InfoSec Blog - Keep What's Private, Private
January 3, 2017
You exist in digital form all over the Internet. It is thus important to ensure that the digital you matches what you are intending to share. It is also critical to guard your privacy — not only to avoid embarrassment, but also to protect your identity and finances!
Following are specific steps you can take to protect your online information, identity, and privacy.
- Use a unique password for each site. Hackers often use previously compromised information to access other sites. Choosing unique passwords keeps that risk to a minimum.
- Use a password manager. Using an encrypted password manager to store your passwords makes it easy to access and use a unique password for each site.
- Know what you are sharing. Check the privacy settings on all of your social media accounts; some even include a wizard to walk you through the settings. Always be cautious about what you post publicly.
- Guard your date of birth and telephone number. These are key pieces of information used for verification, and you should not share them publicly. If an online service or site asks you to share this critical information, consider whether it is important enough to warrant it.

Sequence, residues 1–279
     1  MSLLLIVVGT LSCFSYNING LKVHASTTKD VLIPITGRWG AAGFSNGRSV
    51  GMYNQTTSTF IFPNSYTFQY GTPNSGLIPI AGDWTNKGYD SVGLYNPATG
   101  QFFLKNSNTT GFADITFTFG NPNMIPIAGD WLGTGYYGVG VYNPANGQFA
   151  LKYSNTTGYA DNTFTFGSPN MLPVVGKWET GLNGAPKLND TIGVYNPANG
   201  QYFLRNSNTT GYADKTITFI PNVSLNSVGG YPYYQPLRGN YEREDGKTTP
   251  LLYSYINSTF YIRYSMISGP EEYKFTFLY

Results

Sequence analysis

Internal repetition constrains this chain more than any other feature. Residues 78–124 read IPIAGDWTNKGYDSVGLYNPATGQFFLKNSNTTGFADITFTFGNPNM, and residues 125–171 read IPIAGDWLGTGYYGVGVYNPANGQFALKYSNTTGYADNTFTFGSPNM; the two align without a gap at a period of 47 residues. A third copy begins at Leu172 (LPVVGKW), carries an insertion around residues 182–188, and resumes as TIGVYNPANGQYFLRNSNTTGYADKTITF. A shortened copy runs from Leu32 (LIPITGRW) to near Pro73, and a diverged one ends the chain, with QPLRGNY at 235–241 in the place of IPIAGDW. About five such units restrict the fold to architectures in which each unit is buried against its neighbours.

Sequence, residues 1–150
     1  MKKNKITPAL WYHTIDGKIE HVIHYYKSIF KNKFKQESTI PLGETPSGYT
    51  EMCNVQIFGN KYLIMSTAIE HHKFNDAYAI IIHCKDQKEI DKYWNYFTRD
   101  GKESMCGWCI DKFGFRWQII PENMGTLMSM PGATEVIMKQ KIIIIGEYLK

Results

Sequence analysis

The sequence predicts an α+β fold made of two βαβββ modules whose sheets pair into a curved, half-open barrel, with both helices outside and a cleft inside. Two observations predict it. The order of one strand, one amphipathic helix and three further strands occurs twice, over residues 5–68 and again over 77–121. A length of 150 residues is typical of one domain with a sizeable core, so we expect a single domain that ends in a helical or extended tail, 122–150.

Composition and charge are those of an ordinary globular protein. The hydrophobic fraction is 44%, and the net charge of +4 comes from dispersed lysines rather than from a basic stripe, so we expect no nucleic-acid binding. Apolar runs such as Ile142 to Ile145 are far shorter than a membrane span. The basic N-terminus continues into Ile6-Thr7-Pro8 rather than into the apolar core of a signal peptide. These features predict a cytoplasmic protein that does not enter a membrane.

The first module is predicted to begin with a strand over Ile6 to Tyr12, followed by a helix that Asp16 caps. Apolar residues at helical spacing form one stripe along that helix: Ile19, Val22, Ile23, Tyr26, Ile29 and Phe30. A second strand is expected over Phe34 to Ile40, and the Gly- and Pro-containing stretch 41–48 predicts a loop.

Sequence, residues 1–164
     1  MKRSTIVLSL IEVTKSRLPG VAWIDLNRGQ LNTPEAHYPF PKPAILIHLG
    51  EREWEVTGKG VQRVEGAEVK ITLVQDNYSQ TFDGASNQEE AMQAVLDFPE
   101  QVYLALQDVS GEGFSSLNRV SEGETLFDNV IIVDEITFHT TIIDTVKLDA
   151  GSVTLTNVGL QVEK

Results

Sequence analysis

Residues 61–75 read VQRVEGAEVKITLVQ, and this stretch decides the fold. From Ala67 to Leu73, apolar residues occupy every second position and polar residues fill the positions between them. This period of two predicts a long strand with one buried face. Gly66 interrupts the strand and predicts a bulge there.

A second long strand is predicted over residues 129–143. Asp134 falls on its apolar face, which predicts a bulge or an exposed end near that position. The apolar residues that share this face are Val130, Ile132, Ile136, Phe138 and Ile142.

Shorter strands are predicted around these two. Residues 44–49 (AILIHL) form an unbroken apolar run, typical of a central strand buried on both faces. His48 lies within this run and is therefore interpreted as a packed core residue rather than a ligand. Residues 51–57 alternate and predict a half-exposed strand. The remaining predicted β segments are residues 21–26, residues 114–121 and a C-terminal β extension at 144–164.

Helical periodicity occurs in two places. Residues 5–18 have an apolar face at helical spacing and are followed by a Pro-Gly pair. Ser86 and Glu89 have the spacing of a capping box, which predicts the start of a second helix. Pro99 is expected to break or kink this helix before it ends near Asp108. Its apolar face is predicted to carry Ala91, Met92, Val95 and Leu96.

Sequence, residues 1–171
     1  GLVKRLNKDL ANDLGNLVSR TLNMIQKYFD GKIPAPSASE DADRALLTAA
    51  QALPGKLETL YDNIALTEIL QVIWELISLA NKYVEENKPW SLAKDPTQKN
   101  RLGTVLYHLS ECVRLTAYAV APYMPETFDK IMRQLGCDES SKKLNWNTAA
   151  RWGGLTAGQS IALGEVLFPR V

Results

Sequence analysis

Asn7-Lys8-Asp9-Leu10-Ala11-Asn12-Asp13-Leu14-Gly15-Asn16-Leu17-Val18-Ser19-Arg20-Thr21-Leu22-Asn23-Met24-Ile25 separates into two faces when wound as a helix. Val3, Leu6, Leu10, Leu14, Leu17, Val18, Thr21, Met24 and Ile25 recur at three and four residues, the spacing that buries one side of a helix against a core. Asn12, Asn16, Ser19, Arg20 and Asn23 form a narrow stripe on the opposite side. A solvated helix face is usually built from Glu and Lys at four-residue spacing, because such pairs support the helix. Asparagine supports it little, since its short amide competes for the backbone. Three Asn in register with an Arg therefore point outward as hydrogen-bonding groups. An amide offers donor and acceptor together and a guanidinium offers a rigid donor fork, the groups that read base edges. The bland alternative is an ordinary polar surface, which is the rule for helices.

- Keep your work and personal presences separate. Your employer has the right to access your e-mail account, so you should use an outside service for private e-mails. This also helps you ensure uninterrupted access to your private e-mail and other services if you switch employers.
- There are no true secrets online. Use the postcard or billboard test: Would you be comfortable with everyone reading a message or post? If not, don't share it.
- Explore the US Federal Trade Commission’s privacy, identity, and online security website.
- Download the STOP. THINK. CONNECT. Tip Sheet on Using Public Computers & Wireless Networks
- Review the Microsoft Safety & Security Center’s information on ways to protect your privacy on the Internet.
- Read the EDUCAUSE Review guest blog, “You’re an Important Piece of the Puzzle!”
- Take time for Consumer Reports’ 10-Minute Digital Privacy Tune-up
- Follow the Personal Privacy Tips from TRUSTe
Source: Educause Security Awareness